You are now used to treating everyday objects like animals and people as individuals. A.I. researchers have found, when writing natural language processing programs, that they often need to do the same with more abstract things, such as acts, periods of time, and speeds. It's interesting to see how you can do this in Prolog.
For example, in Lesson 3, I justified Prolog by saying that it makes it easy to express sentences like ``Mary gave Fred a calculator''. You could write this as
gives( mary, fred, calculator ).
But suppose we wanted to express the following:
On the day before Christmas, Mary eagerly gave a diamond-studded Faberge calculator to Fred for his Christmas present as they languidly downed foaming pints of nut-brown ale, basking in the luxuriantly sumptuous surroundings of Oxford's Welsh Pony hotel.
This sentence relates, via the act of giving, at least five pieces of data: a time, a giver, the given, the recipient, and the place. In addition, there are some other bits of information about the character of the act (eager), about what else was going on at the same time, and so on. In principle, you could write an enormous predicate with 10 or 20 arguments, allocating argument number 5 to be the place, 12 to be the character of the act, and so on. But this would get terribly unwieldy.
As another example, consider expressing ``Paul gave Elspeth a book'' and ``Robb gave Carole a book''. This is no problem:
gave( paul, elspeth, book ). gave( robb, carole, book ).But suppose we also want to say that Paul's gift to Elspeth was given before Robb's gift to Carole, and we also want to indicate that the two books were copies of the same work (but not the same individual). It is not possible to add such information to the above facts easily, and most A.I. programmers would not try. Instead, they would use a style of representation in which the acts of giving and the books are themselves named. Here is one way to do so.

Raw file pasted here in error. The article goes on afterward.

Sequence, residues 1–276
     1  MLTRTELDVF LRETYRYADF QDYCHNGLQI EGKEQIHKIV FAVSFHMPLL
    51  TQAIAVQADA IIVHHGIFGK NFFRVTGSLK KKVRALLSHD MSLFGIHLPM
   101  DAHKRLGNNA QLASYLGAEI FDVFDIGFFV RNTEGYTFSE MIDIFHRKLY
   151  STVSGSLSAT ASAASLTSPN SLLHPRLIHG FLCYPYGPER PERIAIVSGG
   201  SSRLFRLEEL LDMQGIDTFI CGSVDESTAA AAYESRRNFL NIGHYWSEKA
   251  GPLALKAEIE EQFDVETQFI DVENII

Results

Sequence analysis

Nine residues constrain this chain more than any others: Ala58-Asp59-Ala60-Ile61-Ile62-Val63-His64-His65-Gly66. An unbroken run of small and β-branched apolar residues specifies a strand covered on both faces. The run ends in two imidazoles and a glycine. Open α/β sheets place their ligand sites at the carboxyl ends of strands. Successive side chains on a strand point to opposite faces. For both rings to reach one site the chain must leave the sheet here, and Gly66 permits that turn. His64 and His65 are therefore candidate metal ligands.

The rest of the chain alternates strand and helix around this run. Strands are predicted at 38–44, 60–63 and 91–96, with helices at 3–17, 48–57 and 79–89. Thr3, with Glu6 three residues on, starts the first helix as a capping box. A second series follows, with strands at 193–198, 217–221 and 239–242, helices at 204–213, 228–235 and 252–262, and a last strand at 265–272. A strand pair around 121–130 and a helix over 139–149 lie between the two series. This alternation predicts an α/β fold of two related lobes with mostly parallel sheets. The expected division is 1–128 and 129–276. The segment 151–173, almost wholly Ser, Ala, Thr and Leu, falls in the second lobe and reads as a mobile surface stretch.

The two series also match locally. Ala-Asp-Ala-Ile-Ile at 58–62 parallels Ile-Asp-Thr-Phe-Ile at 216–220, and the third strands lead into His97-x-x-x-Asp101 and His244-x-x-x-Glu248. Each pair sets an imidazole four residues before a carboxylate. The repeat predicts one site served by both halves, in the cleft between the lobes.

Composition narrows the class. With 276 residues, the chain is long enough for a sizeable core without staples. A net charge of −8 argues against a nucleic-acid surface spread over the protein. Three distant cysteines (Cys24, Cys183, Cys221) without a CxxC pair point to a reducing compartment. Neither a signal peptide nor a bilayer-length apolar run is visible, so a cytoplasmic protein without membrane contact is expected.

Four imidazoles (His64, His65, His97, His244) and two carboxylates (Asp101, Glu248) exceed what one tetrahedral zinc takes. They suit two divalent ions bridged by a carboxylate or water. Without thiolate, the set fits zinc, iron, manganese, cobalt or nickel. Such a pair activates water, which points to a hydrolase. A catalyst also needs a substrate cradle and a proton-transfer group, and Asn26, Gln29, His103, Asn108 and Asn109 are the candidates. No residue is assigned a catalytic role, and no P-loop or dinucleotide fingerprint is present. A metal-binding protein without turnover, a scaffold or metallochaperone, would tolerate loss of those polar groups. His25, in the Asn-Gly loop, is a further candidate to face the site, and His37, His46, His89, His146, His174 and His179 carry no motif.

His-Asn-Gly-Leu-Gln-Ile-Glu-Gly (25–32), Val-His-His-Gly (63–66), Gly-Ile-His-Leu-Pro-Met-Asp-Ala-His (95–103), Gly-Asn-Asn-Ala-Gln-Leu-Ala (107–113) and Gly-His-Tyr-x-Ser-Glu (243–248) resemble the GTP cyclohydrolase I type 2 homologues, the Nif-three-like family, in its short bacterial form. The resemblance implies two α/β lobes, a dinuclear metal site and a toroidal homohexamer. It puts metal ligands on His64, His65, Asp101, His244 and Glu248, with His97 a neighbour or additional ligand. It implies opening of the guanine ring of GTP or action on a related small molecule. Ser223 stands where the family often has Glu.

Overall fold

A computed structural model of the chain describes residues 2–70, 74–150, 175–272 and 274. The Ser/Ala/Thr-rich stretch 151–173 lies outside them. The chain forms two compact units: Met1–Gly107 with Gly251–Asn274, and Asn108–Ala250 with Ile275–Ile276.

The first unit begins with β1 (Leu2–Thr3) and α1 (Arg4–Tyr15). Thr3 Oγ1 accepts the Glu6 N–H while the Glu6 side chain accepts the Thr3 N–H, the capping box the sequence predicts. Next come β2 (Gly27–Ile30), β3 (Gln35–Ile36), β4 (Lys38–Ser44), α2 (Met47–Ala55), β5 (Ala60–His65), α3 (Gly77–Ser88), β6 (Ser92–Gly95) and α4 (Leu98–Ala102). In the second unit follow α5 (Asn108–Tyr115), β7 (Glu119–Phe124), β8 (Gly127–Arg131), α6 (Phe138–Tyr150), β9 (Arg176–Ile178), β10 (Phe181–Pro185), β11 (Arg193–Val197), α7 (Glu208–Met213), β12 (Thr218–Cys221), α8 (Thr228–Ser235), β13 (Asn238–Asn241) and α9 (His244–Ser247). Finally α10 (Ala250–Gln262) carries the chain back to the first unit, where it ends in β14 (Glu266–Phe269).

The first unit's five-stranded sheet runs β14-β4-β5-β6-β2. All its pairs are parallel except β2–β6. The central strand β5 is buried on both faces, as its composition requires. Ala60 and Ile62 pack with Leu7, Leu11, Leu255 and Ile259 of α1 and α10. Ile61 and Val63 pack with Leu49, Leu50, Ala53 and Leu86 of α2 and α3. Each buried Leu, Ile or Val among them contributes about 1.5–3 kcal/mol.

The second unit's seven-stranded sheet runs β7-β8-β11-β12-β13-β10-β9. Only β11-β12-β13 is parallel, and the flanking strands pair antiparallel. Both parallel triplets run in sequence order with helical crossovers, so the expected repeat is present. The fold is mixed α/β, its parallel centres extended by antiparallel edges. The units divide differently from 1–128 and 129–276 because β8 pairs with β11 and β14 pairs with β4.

act( giving, g1 ). act( giving, g2 ). actor( g1, paul ). actor( g2, robb ). object( g1, b1 ). object( g2, b2 ). recipient( g1, elspeth ). recipient( g2, carole ). is_a( b1, book ). is_a( b2, book ). title(b1,'Beer Atlas of Britain'). title(b2,'Beer Atlas of Britain'). printed( b1, 1991 ). printed( b2, 1989 ). edition( b1, 9 ). edition( b2, 5 ). before( g2, g1 ).This means ``
g1is an act of giving; its actor is Paul; its object is
b1is printed in 1991'' and so on.
Of course, Prolog doesn't care which style you use. There are a number
of differing schemes, each with its pro- and opponents, but most
resemble in some way the one above. Such schemes usually break
down complex ideas into a large number of elementary predicates, in the
way I broke down ``Paul gave the book to Elspeth'' into the predicates
You will not be expected to use such schemes in the rest of this course, although if you want to do a project that involves generating them from English, we have some bits of program that can help. But it's interesting to see how they work out, and it will give you practice in reading Prolog programs. Below I have expressed a well-known limerick in this way. Can you work out what it means?
is_a(l1,lady). has_age(l1,young). started_during(t,d1). slower( c, s ). follows(d1,d2). is_a( s, speed ). follows( n, d2 ). took_trip(l1,t). velocity_of( light, c ). is_a(d2,day). is_a( c, speed ). velocity_of( l1, s ). is_a(d1,day). is_a(n,night). ended_during(t,d2). is_a( t, trip ).